By Edgar Mendez
Milwaukee Neighborhood News Service
This story was originally published by Milwaukee Neighborhood News Service, where you can find other stories reporting on fifteen city neighborhoods in Milwaukee. Visit milwaukeenns.org.
As the pandemic hit and life as most knew it screeched to a halt, Villard Avenue Business Improvement District leaders were faced with a tough decision: Should they hit pause on their efforts to redevelop the once bustling commercial corridor or forge ahead despite their uncertainty?
They kept going.
“I didn’t want our neighborhood to be put on hold anymore,” said Angelique Sharpe, manager of the Villard Business Improvement District, or BID. Sharpe and others are trying to rejuvenate the Old North Milwaukee area, which decades ago fell on hard times when nearby factories closed and its commercial sector crumbled.
Sharpe and others are seeing their decision to carry on pay off as seeds of progress continue to sprout in the historic neighborhood. One is “Visual Vibes on Villard,” a public art project led by five muralists who were selected by neighbors. They recently completed six murals in the corridor surrounding North 35th Street and West Villard Avenue. The project, funded in part by an anonymous $25,000 donation, was launched in August and features themes of entrepreneurship, cultural pride, community pride, health and wellness and environmental conversation.
“We were able to get some of the top artists in the city to come together and support community pride in the form of art,” Sharpe said.
Jeanette Wright-Claus, a Villard BID board member who purchased a home in the neighborhood in 1986, said beautifying the community with art was major, and proof that progress was being made in the community. Wright-Claus, who previously ran art workshops with teens at the Agape Center, said residents are taking notice of the improvements.
“People, especially young people, can see that things are getting better here and want to be involved,” she said.
Another major project that was announced recently is the return of Marineland Pets, a former neighborhood staple that left its longtime location at North 35th Street and West Villard Avenue several years ago. The store is moving back to West Villard Avenue from Bayshore and will be located in a 1,600–square–foot commercial space at the Villard Commons, a four-story, 43-unit apartment and commercial building being constructed on the corner of North 36th Street and West Villard Avenue. The Commons, along with another mixed-use commercial building, the Villard Square Library and apartments, 5190 N. 35th St., served as catalysts for investment to the area several years ago.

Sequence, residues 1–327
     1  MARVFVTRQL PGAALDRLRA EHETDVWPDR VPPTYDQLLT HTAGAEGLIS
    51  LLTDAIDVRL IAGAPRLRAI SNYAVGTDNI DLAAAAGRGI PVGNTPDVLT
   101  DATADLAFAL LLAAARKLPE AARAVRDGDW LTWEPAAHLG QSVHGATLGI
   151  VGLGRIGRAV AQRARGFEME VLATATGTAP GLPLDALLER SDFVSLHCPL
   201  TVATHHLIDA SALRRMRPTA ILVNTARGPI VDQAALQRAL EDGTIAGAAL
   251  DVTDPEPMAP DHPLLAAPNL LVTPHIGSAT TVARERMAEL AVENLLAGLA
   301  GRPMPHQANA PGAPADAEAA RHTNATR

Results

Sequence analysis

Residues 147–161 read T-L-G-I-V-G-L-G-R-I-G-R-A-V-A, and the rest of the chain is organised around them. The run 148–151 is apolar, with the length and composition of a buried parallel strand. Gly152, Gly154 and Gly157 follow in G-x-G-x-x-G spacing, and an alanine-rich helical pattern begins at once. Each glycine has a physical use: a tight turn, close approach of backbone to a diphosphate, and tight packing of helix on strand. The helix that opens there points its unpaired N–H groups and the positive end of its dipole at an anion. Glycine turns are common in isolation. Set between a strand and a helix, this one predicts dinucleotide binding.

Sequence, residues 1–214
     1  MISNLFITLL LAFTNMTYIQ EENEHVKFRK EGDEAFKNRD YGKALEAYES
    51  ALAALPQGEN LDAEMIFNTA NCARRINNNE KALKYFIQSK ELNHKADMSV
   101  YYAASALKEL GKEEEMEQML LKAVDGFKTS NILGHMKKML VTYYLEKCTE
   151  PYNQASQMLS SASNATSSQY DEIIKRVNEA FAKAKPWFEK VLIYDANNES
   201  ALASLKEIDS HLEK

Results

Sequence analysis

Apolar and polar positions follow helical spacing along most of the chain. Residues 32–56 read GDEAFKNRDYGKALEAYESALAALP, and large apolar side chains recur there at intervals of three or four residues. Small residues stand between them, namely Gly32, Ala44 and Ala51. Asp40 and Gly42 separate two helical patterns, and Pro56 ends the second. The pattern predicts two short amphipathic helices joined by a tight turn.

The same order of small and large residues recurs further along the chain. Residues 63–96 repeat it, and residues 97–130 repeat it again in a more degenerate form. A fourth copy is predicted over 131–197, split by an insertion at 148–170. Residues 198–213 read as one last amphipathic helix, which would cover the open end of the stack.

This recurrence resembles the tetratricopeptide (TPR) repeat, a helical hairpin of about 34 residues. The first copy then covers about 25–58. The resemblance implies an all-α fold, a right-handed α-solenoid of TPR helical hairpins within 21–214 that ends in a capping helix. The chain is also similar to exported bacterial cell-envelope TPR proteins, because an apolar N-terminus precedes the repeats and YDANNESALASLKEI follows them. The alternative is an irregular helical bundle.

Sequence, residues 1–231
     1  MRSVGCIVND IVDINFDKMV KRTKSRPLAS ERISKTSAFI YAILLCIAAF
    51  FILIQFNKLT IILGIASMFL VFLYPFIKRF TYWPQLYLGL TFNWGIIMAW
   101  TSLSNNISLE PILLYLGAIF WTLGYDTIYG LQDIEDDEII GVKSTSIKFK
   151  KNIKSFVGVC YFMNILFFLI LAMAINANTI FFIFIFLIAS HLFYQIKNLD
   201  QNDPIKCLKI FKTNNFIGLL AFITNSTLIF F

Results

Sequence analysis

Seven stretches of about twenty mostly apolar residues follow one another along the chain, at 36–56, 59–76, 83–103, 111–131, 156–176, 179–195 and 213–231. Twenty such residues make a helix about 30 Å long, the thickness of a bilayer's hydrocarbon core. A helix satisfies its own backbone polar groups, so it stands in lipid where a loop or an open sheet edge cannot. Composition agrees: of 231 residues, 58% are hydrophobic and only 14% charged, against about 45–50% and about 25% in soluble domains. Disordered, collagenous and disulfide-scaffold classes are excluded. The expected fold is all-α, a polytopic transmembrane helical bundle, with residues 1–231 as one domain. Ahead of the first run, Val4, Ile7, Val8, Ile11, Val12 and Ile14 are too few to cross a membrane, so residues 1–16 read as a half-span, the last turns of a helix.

Que El-Amin, a developer of the Villard Commons and childhood resident of the neighborhood, said the coronavirus slowed but didn’t stop, momentum on the project. The building and store are projected to open in December.
El-Amin said he believes the energy being created on Villard will help it once again become a bustling corridor and bring more people to the neighborhood. He said one of the keys to building off that momentum will be collaborations between investors on projects in the area.
“With our project, the new library and the charrette that’s been proposed, we could really see some major progress here if people work together,” El-Amin said.
El-Amin was referring to the Villard Avenue Charette, a community design and development plan created through an intense process involving multiple stakeholders.
Sharpe said she and her team had just completed its final focus group with developers, investors and others working to design the charette when the pandemic shut most things down.
They continued work remotely and in June, the city’s first virtual charette in history was held. During the process, development possibilities for several locations within the BID were outlined.
Organizers felt those locations could have a catalytic effect on the area if developed, said Carolyn Esswein, director of Community Design Solutions and faculty member at UWM’s School of Architecture and Urban Planning. Community Design Solutions facilitated the charrette process with the BID and teams of designers from local firms.
They used historical and demographic data and years of input collected from residents, business and property owners and other stakeholders to develop a plan for an area with a population of 17,660 and an average median household income of $28,000.
The BID encompasses the area from West Hampton Avenue to West Silver Spring Drive south to north and North Green Bay Road to North 51st Street east to west, including Villard Avenue.
The charette highlighted plans to redevelop the historic Villa Theater, currently a vacant city-owned property; two buildings near the corner of North 36th Street and West Villard Avenue, the former site of Marineland Pets, 3519 W. Villard; and the old Villard Library, 3310 W. Villard Avenue.
Esswein said developers were mindful of the economic realities of the community, and also the challenge of securing funds for large-scale projects.
“Having a great idea that never gets built is not valuable to the community,” Esswein said. “We wanted to look at how sites could be scalable to accommodate multiple tenants and businesses while still lending itself to larger developments should those opportunities come.”
Amy Oeth, senior planner for the City of Milwaukee, said plans laid out in the charette tie into the city’s “Connecting the Corridor,” plan, which was created to advance projects and investments in the neighborhoods surrounding the 30th Street Corridor, which intersects the Villard BID.
“We’re hopeful that the ideas laid out in the charette can really move these corridors along,” Oeth said.
Sharpe is optimistic as well.
“People were angry about strategic disinvestment that happened here and how the neighborhood went down,” she said. “Now, people are pitching in and showing love to Villard, and we’re on our way back up!”